Redesign costs are projected to fall between 5-8%, while financing costs could be 1-5% lower. Adding all the variables together produces the -20 to +10% costs range. In addition, the research found that there is more to factory-produced buildings than fast build times and potentially lower costs. The total life-cycle benefits include additional social benefits, such as significantly improved energy efficiencies due to precision construction; improved build quality; and reduced exposure to the elements during construction.
Boost to H&S + Productivity
The analysts concluded that the shift would also significantly boost the productivity of the sector, even if it may lead to some job losses – some of which would be soaked up by increased scale possibilities in a number of markets. Additionally, the firm found that there could be improved onsite safety and better overall working conditions for industry staff.
Professional Collaboration Needed
As Design & Timber Engineers we recognise the importance of working closely with all other professionals engaged in a construction project from the earliest possible stage, including banks and others engaged in financing such projects.. Not only do we enjoy the challenges, we enjoy working with other professionals to produce both workable and attractive solutions. Specifying any system is an important step for engineers, architects and all who strive for improved, lower cost, more environmentally sustainable construction, but timber still seems to offer all the benefits with few of the disadvantages.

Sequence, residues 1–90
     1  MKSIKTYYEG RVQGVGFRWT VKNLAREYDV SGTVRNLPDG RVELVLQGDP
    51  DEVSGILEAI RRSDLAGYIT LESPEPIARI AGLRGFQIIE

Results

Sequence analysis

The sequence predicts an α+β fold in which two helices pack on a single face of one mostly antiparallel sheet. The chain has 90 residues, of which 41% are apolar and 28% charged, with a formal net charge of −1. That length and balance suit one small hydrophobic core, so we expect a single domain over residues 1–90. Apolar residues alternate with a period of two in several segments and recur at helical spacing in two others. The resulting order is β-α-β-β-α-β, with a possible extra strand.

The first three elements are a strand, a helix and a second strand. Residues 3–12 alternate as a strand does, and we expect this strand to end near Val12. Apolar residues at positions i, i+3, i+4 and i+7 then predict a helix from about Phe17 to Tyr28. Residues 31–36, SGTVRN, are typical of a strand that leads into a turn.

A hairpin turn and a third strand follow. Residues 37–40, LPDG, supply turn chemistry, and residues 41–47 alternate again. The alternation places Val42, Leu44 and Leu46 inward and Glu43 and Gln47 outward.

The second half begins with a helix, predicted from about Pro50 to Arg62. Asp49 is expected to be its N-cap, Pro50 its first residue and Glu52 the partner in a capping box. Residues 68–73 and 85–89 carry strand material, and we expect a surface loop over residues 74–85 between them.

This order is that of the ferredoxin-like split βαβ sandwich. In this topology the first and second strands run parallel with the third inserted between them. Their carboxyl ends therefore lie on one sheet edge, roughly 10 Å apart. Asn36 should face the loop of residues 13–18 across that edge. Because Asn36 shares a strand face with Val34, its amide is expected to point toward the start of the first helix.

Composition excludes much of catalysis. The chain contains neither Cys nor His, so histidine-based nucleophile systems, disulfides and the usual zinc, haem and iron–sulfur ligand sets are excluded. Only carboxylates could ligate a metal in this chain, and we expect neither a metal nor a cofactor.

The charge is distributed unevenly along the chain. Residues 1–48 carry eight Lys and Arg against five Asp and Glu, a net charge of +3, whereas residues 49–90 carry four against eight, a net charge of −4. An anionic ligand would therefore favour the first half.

In our drive to turn concepts into factory built modules & components for on-site assembly, we focus on timber. In this respect we believe we are at the forefront of making DfMA (Design for Manufacture & Assembly) a reality. It begins with the way we design, specify and incorporate ‘appropriate’ technology into all buildings. It also draws together concepts from over 50 years interest in sustainable development.
DfMA at the forefront
As Off-Site construction matures into Design for Manufacture and Assembly (DfMA) it is clearly at the forefront as an enabler for such delivery. New homes will very soon be ‘Smart’ in numerous ways, including full incorporation of energy saving and TIoT (the internet of things) to deliver major components. This is something that ‘Off-Site’. DfMA (Design for Manufacture & Assembly) will need to seriously consider as the industry moves forward.
Greater collaborative ‘partnering’ between architects, builders and manufacturers is needed to accomplish this The greater speed, accuracy and quality that can result from manufacturing components in a dry, controlled factory environment, together with the ability tom incorporate (yet to be invented) ‘Smart Ware’ gives home builders perhaps the only way of achieving this, together with improved on-site build quality AND controlling costs.
While resistance to the change to DfMA has been the norm, the wish of most UK Builders to deliver excellent customer service and top notch homes is now driving an increasing number to choose Off-Site for their developments. Also, as ‘OffSite Hub” note, architects and designers are moving toward DfMA, something w have been encouraging for over 20 years. The emergence of LA Developers will only speed up this process.
Easy Timber Frame
To assist them in doing so our “Easy Timber Frame “ now offers standard size modular timber frame elements for them to use as a design base, cutting down on technical design and engineering to produce win-win results.